Professor Toshiya Nakamura started by explaining that in postwar Japan, the main goals of public diplomacy have been related to its history of militarism. In order to recover from an image as a nation of militarism and to win an image as a pacifist and democratic nation, Japan has mainly used cultural exchanges. More recently, Japan’s public diplomacy has developed into its national branding of ‘Cool Japan’. Japan’s ongoing diplomacy based on common values including democracy has contributed to the strengthening of its soft power. Professor Nakamura’s presentation discusses the development of Japan’s postwar public diplomacy and recent events including the reconciliation with the US in the quest for promoting its soft power.
Professor Nakamura started his presentation by providing an overview of Japan’s reconciliation diplomacy. He analysed a number of cases, including Obama’s visit to Hiroshima, US perceptions of the atomic bombs launched in Hiroshima and Nagasaki, Abe’s visit to Hawaii, and the Japanese emperor’s journeys to former battlefields. Specifically, he examined the perception gap between Japan and the US on the use of atomic bombs, the Japanese public opinion on the use of atomic bomb,s as well as the voices against US president’s Hiroshima visit. He further analysed Obama’s speech during his visit to Hiroshima and the reaction of Japan’s public, before turning to the discussion about Abe’s speech in Hawaii. The presenter showed that Abe’s speech attached great importance to the power of reconciliation, while emphasising that the US-Japan alliance is an ‘alliance of hope’. Professor Nakamura contended that, following the reciprocal visits to Hiroshima and Hawaii by political figures in Japan and the US, there has been a shift regarding Abe’s global image from a ‘nationalist’, especially after his visit to Yasukuni Shrine in 2013, to a ‘pragmatist. Besides, the presenter pointed out that, in terms of how to deal with the World War II legacy, a model of reconciliation between Japan and theUS has been developed. Although there has been no explicit apology from Japan or the US, both sides have made efforts to ameliorate the situation. In addition, Professor Nakamura argued that the Japanese emperor also plays an important role in reconciliation by enhancing mutual understanding and friendly relations at the societal level.
Subsequently, Professor Nakamura discussed how the Japanese Ministry of Foreign Affairs restructured the public diplomacy strategy in 2002 and 2012, and how Japan’s public diplomacy has developed under Abe’s second term. He demonstrated that, during Abe’s second term, Japan has sought to increase its soft power by enhancing strategic domestic and overseas public relations through mass media and creating the image of ‘Cool Japan’. The government also made efforts to improve awareness about public diplomacy among politicians, as well as to strengthen relations with different Asian nations and other countries around the world. Japan also sought to strengthen its image as a stable democracy and a reliable security partner. In addition, the presenter showed that Japan’s pop culture constitutes an important recourse for Japan’s public diplomacy.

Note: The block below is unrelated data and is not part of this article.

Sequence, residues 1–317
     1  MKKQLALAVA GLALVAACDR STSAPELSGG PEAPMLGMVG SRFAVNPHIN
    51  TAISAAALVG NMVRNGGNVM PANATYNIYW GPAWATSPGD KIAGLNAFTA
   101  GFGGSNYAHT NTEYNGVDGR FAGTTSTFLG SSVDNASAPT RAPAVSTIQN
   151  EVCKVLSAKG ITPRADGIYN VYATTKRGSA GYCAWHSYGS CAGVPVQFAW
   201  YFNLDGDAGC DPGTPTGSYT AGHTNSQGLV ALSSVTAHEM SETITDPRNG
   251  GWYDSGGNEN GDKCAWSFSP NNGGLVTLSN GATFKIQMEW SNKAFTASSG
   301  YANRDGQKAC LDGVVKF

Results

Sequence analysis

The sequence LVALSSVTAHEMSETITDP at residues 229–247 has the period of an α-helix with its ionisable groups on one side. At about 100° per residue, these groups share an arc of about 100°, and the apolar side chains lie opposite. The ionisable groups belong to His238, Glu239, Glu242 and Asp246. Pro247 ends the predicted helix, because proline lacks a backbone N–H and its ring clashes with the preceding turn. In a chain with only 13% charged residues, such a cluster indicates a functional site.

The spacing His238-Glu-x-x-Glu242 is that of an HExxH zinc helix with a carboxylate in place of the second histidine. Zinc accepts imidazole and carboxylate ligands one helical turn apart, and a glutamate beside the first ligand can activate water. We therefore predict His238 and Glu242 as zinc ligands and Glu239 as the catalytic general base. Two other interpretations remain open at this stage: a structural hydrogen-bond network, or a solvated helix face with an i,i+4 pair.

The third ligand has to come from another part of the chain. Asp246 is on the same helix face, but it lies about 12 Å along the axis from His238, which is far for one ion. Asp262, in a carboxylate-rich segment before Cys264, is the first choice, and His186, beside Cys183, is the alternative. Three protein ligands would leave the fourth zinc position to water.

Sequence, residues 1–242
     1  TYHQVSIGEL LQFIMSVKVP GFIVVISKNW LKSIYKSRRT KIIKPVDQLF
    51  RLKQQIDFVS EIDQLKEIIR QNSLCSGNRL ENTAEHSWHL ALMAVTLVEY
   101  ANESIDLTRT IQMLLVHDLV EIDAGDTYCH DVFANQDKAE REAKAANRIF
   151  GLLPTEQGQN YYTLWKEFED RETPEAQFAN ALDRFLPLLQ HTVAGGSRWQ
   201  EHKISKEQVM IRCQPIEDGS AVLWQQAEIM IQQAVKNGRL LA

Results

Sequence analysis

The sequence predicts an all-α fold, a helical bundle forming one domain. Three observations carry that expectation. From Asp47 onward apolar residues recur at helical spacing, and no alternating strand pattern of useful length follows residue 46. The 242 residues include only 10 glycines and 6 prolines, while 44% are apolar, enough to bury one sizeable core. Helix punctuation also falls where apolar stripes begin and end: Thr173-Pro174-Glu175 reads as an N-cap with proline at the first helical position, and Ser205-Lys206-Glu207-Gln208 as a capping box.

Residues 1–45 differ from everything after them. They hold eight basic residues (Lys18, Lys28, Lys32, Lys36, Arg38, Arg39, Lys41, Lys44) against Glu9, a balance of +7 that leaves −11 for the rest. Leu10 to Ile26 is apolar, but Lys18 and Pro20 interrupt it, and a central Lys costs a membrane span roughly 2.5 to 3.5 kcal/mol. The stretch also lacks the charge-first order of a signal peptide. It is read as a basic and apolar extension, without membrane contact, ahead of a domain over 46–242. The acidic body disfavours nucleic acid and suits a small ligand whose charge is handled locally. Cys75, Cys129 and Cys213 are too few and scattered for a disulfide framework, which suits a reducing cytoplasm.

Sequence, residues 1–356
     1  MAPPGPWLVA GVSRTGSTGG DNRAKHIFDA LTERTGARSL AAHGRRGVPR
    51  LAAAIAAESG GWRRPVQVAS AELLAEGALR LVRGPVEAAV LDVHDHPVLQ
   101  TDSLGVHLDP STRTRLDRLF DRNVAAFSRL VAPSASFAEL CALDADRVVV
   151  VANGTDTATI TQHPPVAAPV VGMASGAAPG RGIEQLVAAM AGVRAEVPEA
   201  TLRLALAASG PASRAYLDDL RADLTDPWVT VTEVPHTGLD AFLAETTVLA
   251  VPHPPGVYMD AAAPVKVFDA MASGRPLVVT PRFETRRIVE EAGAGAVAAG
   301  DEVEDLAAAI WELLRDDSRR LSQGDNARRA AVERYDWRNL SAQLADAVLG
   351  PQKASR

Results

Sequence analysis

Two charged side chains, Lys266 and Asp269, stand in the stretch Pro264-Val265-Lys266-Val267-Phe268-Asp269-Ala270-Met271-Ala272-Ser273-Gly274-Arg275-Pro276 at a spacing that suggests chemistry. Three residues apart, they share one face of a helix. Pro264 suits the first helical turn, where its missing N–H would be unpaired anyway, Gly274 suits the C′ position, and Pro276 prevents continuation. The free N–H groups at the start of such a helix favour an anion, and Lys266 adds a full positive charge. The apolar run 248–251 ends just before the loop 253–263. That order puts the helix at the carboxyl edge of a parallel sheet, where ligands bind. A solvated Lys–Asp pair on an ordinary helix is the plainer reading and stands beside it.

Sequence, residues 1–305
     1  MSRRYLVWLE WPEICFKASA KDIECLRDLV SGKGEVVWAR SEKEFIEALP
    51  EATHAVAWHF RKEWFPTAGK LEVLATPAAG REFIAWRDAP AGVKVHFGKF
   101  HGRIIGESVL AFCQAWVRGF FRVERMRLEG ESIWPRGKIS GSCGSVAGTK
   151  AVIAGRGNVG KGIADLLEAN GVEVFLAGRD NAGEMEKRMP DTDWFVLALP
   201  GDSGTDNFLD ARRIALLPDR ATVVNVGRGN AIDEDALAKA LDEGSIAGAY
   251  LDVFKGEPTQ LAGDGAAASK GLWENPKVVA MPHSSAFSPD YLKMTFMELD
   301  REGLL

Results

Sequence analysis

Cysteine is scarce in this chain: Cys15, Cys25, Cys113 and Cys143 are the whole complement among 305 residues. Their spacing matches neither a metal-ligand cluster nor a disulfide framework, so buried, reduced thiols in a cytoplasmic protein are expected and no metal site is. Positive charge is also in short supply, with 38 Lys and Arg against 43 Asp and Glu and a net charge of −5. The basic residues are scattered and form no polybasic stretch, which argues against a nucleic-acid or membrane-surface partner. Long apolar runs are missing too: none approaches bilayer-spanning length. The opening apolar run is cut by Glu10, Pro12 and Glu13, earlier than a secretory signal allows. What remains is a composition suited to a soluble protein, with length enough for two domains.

Professor Nakamura then turned to a discussion about the implications of China’s rise and the administration of Trump on Japan’s public diplomacy. He pointed out that China’s increasingly assertive foreign policy behaviour has generated great challenges for Japan. The tension between China and Japan also derives from their different political systems and national objectives. He also argued that the Trump administration is likely to challenge the relationship between the US and Japan. In the concluding remarks, the presenter argued that Japan’s image has been restored and there has been a success in achieving reconciliation through different means. However, Japan’s future public diplomacy has to address a number of challenges including China’s anti-Japan sentiment, which is also present in Korea. In addition, he contended that there are still a lot of efforts to be made in terms of Japan’s reconciliation diplomacy in the future.
In the Q&A session, a member of the audience and Professor Nakamura discussed how Japan has reacted to China’s pressure through the use of economic statecraft (e.g., a ban on certain Japanese exports). Professor Nakamura contended that Japan has attempted to counterbalance China by closing down factories and using other technologies to compensate what China has banned in order to overcome this pressure. He further argued that, although there exists a good relationship between Japan and China in the economic dimension, many problems still remain unsolved in political terms. Issues regarding the alleged abuse of human rights in China or a lack of democracy and freedom of speech remain a point of stark disagreement between Japan and China.
One member of the audience asked what the implications of China’s modernisation for Japan are. Professor Nakamura argued that China’s expansion of its military forces is a serious concern for both the US and Japan. Due to this concern, both countries continue to modernise their military capabilities. In addition, Japan is trying to strengthen its position through its allies in the region. He further pointed out that, as a result of numerous sensitive issues, it is difficult for Japan to strengthen its dialogue with China, and that Japan would therefore need to improve its military position. Another member of the audience and the presenter had a discussion about the particularity of Japan’s soft power. Professor Nakamura argued that, in comparison to that of the US or the European Union, Japan’s soft power has many special elements deriving from resources such as Japanese traditional literature and modern pop culture.
Summary prepared by Xuechen Chen